If they cannot, the developer will have to pay a tree tax.
Environment secretary Michael Gove has published plans for consultation that would require all developers in England to deliver a ‘biodiversity net gain’ when building new housing or commercial development. Habitats for wildlife must be enhanced and left in a measurably better state than they were pre-development.
The proposed new rules require developers to assess the type of habitat and its condition before submitting plans. Car parks and industrial sites would usually come lower on this scale, while more natural grasslands and woodlands would be given a much higher ranking for their environmental importance.
Developers would then be required to demonstrate how they are improving biodiversity – such as through the creation of green corridors, planting more trees, or forming local nature spaces.
Where green improvements cannot be made, developers would pay a levy for habitat creation or improvement elsewhere – a tree tax.
The consultation is now open at consult.defra.gov.uk/land-use/net-gain and runs until 10th February 2019.
The Department for Environment, Food & Rural Affairs (Defra) acknowledges that some developers have already been following a biodiversity net gain approach voluntarily. However, the proposed standardised, mandatory approach would give them clarity and certainty on how to improve the environment through development, while also considering whether any sites – such as small and brownfield sites – should be exempt from the rules.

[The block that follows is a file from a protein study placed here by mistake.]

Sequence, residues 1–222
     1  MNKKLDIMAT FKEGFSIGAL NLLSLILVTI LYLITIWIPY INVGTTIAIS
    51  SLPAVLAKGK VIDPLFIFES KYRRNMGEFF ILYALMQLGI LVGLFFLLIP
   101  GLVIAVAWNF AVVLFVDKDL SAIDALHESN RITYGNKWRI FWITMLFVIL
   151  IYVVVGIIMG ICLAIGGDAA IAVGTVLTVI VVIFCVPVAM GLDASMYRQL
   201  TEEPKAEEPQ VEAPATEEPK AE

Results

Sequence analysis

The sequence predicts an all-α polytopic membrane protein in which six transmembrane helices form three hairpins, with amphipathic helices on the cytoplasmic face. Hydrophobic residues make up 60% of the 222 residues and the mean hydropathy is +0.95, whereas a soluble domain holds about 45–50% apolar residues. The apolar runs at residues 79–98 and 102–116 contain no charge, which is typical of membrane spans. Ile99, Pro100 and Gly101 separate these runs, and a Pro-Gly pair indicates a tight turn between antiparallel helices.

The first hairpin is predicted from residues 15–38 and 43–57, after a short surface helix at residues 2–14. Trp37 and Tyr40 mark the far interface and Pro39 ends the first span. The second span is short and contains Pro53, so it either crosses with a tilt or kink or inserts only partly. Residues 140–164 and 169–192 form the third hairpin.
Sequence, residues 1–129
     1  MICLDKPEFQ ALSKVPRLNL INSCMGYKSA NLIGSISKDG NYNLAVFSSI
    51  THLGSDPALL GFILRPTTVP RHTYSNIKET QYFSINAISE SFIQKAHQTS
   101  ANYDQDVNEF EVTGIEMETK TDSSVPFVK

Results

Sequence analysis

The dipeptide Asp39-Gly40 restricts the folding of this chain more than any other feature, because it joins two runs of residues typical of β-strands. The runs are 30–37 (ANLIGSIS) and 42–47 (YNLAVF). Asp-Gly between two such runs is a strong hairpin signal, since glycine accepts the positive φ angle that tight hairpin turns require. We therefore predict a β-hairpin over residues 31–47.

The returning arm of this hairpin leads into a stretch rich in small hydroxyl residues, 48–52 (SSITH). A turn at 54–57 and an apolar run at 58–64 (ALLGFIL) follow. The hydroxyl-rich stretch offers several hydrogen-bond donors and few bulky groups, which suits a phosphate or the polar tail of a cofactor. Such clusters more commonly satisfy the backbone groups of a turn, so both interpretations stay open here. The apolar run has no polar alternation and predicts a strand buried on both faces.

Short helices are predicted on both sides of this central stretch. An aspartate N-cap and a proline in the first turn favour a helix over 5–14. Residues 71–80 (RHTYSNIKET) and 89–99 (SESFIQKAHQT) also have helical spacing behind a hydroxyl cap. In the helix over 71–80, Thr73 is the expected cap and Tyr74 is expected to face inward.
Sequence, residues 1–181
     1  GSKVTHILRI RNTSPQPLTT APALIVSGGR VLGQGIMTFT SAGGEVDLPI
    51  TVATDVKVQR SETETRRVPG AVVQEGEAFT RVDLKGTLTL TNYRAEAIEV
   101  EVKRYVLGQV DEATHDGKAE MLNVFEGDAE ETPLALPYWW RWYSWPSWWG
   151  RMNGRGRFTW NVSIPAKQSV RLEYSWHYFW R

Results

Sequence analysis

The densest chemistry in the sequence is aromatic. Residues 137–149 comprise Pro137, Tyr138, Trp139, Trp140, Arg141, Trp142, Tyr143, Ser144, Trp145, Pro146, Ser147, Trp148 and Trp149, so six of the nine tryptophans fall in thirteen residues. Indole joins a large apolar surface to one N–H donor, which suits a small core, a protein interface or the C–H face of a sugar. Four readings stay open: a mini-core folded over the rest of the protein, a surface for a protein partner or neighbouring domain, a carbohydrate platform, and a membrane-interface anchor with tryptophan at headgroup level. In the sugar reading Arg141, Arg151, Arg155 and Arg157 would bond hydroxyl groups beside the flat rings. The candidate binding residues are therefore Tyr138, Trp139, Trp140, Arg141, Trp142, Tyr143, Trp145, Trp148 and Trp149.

The plan is the first step in the government’s ambition to embed the wider principle of ‘environmental net gain’ in development, to drive measurable improvements for all aspects of the environment such as air quality, flood defences and clean water.
Environment secretary Michael Gove said: “Our commitment to protecting and enhancing our natural world can go hand in hand with our ambition to build more high quality homes.
“Mandating biodiversity net gain puts the environment at the heart of planning and development. This will not only create better places for people to live and work, but ensure we leave our environment in a better state for future generations.”
In addition to upholding planning protections for sensitive sites such as ancient woodland and sites of special scientific interest, the consultation builds on the experiences of local authorities and developers who have already adopted net gain approaches.
This includes the Berkley Group, which Defra says has committed to creating a net biodiversity gain within all itsdevelopment sites and is currently working with London Wildlife Trust to build Kidbrooke Village in southeast London – a new 4,800-home development that has 20 hectares of parkland.
Elsewhere, Warwickshire County Council has trialled and implemented a system to ensure all developments lead to no net loss of biodiversity, with each development preparing a biodiversity impact assessment prior to building.
The consultation follows the launch of the revised National Planning Policy Framework in July which outlined stronger protection for the environment, ensuring wildlife thrives at the same time as addressing the need for new homes
Andrew Sells, chairman of Natural England, has advised the government on net gain. He said: “Net gain is an ambitious idea that has the potential to bring significant benefits for our declining wildlife and the environment as a whole. If net gain succeeds for nature then it will also be succeeding for people, because it means that they are living and working with a thriving natural environment all around them.”